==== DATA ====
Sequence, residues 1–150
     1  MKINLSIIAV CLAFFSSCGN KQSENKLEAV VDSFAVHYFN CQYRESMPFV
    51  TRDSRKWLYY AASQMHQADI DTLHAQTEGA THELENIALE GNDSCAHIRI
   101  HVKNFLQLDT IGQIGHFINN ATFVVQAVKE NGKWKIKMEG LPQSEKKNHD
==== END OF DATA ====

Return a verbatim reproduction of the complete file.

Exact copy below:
Sequence, residues 1–150
     1  MKINLSIIAV CLAFFSSCGN KQSENKLEAV VDSFAVHYFN CQYRESMPFV
    51  TRDSRKWLYY AASQMHQADI DTLHAQTEGA THELENIALE GNDSCAHIRI
   101  HVKNFLQLDT IGQIGHFINN ATFVVQAVKE NGKWKIKMEG LPQSEKKNHD